An object of the invention is to provide a transmission system, wherein the receiver or set-top box is able to efficiently handle the caching of a plurality of services, which services are not embedded into a single application. This object is achieved in the transmission system according to the invention, which is characterized in that the information for the multiplex signal is contained in a single information section. By concentrating the cache priorities for all services included in the transport stream into a single information section, e.g. a DVB SI table, the set-top box can quickly get a complete view of all cacheable data included in the transport stream by simply reading this information section.
An embodiment of the transmission system according to the invention is characterized in that the transmission system is embodied so as to transmit at least one further multiplex signal from the transmitter to the receiver, whereby the information section also contains the information for the further multiplex signal. By concentrating the cache priorities for all services included in a plurality of transport streams transmitted by the transmitter into a single information section, the set-top box can quickly get a complete view of all cacheable data included in these transport streams simply by reading this information section. In this way, there is no need for the set-top box to tune to all the transport streams sequentially in order to obtain a complete overview of the cache priorities. It suffices to only tune to a transport stream which includes the complete overview in a single information section.
The above object and features of the present invention will be more apparent from the following description of the preferred embodiments with reference to the drawing, wherein:
FIG. 1 shows a block diagram of a transmission system according to the invention.
FIG. 1 shows a block diagram of a transmission system according to the invention. In such a transmission system a number of multiplex signals 12 are transmitted by a transmitter 10 to a receiver 14. The transmission system may comprise further receivers 14. The transmission system according to the invention can be used in a cable television (CATV) network environment, whereby the transmitter 10 comprises the headend of the CATV network and the receivers 14 comprise the set-top boxes or television sets of the end-users. The end-users are able to control a receiver 14 by means of a input device 15, like for instance a keyboard or a remote control. The end-users can view the selected services on a display device 17.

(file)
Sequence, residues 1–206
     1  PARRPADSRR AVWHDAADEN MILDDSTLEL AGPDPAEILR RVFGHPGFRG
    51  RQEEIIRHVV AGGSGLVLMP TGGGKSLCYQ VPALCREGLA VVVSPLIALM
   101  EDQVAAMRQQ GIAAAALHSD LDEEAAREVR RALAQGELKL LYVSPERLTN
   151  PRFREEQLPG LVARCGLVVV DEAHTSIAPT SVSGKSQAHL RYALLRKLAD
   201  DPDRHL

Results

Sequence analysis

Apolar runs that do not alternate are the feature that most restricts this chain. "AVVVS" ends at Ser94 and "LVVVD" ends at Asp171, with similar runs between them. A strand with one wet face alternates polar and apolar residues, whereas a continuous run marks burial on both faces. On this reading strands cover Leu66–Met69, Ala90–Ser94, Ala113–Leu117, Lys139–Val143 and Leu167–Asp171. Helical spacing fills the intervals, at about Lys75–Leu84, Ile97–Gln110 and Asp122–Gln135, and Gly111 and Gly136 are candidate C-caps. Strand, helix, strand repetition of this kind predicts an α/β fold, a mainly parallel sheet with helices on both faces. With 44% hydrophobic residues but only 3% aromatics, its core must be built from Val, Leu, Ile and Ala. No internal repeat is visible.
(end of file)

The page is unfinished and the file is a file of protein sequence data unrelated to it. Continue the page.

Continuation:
The multiplex signals 12 can be implemented in the form of MPEG-2 transport streams. An MPEG-2 transport stream is a multiplex of a number of so-called services. Such a service can contain an audio/video stream, an interactive application (for example in the MHEG-5 format), other kinds of data or a combination of these elements. Typically, a headend 10 transmits several transport streams 12 to the set-top boxes 14. In this way, a large number of services (or channels) can be broadcast by the headend 10 to a plurality of set-top boxes 14.
A set-top box 14 can tune to a specific transport stream 12 and is then able to retrieve information from the transport stream 12. Such a set-top box 14 typically has only one tuner and is thus merely able to receive a single transport stream 12 at a time. When a user wants to look at a television program, or wants to run an interactive application, or wants to access other kinds of data the set-top box 14 tunes to the corresponding transport stream 12 and retrieves and/or processes the required data from the service as it is being broadcast at that moment.
Interactive applications like for instance tele-banking, tele-shopping or information services are typically broadcast in a carousel-like fashion, i.e. the therewith corresponding data sections are repeated periodically in the transport stream 12. For instance, both DVB and DAVIC have specified DSM-CC object carousels for broadcasting interactive applications. The response time of this kind of applications can be improved considerably by applying some kind of caching in the set-top box 14, i.e. pre-fetching and storing data sections or objects in the set-top box which are likely to be accessed in the future. Otherwise, if pre-fetching and caching is not used and the set-top box 14 wants to retrieve a part of the interactive application, the set-top box 14 must wait until that particular part is broadcast again. In order to be able to cache data, the set-top box 14 must have access to a storage device 20 like for instance a hard disk. The set-top box 14 can also use this storage device 20 to store linear television content, like for instance short news bulletins or weather forecasts. These programs can be viewed by the user whenever this is convenient.